NY Times Misrepresents Muhammad Cartoon Controversy
It’s not all that surprising that Yale University Press would be wary of reprinting notoriously controversial cartoons of the Prophet Muhammad in a forthcoming book. After all, when the 12 caricatures were first published by a Danish newspaper a few years ago and reprinted by other European publications, Muslims all over the world angrily protested, calling the images — which included one in which Muhammad wore a turban in the shape of a bomb — blasphemous. In the Middle East and Africa some rioted, burning and vandalizing embassies; others demanded a boycott of Danish goods; a few nations recalled their ambassadors from Denmark. In the end at least 200 people were killed.
For some reason The New York Times continues to misrepresent this controversy.
Here’s what really happened:
Imam Ahmad Abu Laban, the leader of the Islamic Society of Denmark toured the Middle-East to “create awareness” about 12 cartoons that were published in Danish newspaper, Jyllands-Posten, on September 30, 2005.
However, Imam Ahmad Abu Laban, also brought at least 3 additional images, which HAD NEVER been published in any media source. They included a cartoon of Muhammad as a pedophile demon, Muhammed with a pig snout, and a praying Muslim being raped by a dog. The drawings in Jyllands-Posten were harmless compared to these (posted below)
When asked about these additional cartoons, Imam Ahmad Abu Laban said they were from threatening letters and promised to give copies of those letters to FOX News, among other news services. However, he never did.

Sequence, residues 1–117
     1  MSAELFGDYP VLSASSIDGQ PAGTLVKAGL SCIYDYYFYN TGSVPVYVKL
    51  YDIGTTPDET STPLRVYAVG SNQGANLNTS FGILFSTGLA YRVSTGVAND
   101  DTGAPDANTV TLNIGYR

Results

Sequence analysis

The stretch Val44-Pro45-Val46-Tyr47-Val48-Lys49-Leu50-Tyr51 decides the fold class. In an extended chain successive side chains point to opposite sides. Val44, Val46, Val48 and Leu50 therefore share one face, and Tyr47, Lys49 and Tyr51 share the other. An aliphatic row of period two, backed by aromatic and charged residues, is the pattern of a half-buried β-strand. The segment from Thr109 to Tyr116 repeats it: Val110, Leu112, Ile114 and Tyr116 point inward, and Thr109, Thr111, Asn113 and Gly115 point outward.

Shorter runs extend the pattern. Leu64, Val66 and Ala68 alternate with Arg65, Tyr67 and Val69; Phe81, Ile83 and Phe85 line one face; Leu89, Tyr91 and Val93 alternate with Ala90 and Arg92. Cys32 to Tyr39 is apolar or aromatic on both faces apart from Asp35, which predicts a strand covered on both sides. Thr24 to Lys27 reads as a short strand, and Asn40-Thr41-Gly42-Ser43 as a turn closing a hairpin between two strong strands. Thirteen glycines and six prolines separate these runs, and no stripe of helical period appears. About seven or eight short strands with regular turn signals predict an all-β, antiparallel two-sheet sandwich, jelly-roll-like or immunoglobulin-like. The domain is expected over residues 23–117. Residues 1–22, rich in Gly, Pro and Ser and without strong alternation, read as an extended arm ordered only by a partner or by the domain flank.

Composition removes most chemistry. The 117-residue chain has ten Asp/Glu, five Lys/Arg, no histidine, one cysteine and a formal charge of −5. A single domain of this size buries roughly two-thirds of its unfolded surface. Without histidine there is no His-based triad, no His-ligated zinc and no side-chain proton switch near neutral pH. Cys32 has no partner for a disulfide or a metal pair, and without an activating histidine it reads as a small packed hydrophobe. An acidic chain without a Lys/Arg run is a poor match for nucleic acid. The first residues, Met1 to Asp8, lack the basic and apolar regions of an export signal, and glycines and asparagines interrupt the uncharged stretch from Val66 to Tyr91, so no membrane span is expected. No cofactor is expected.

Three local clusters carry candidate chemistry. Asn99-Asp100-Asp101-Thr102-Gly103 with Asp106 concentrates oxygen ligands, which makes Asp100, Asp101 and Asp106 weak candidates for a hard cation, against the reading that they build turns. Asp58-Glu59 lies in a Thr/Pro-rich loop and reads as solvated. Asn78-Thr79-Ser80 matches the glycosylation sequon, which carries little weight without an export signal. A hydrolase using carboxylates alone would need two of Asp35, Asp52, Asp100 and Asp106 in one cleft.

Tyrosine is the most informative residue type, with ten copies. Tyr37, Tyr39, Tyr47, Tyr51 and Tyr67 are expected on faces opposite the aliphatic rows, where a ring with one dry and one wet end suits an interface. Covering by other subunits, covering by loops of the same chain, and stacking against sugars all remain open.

Back in February 2006 blogger Dennis Nixon identified one of the “cartoons”.
It was NOT a picture of Muhammad…
This is Jacques Barrot, a pig squealing contestant at the French Pig-Squealing Championships in Trie-sur-Baise’s annual festival.
Another Danish Muslim Leader, Ahmad Akkari, the spokesman for the Islamic Society of Denmark, had this to say (Via The Brussels Journal):
Akhmad Akkari, spokesman of the 21 Danish Muslim organizations which organized the tour (to the Middle East), explained that the three drawings had been added to “give an insight in how hateful the atmosphere in Denmark is towards Muslims.” Akkari claimed he does not know the origin of the three pictures. He said they had been sent anonymously to Danish Muslims. However, when Ekstra Bladet asked if it could talk to these Muslims, Akkari refused to reveal their identity.
It was all a scam carried out by a radical Danish Imam to stir up hatred of the West.
Over 100 people died from this scam including nuns and priests.
Sadly, The New York Times still refuses to report the real story behind the Danish cartoon controversy.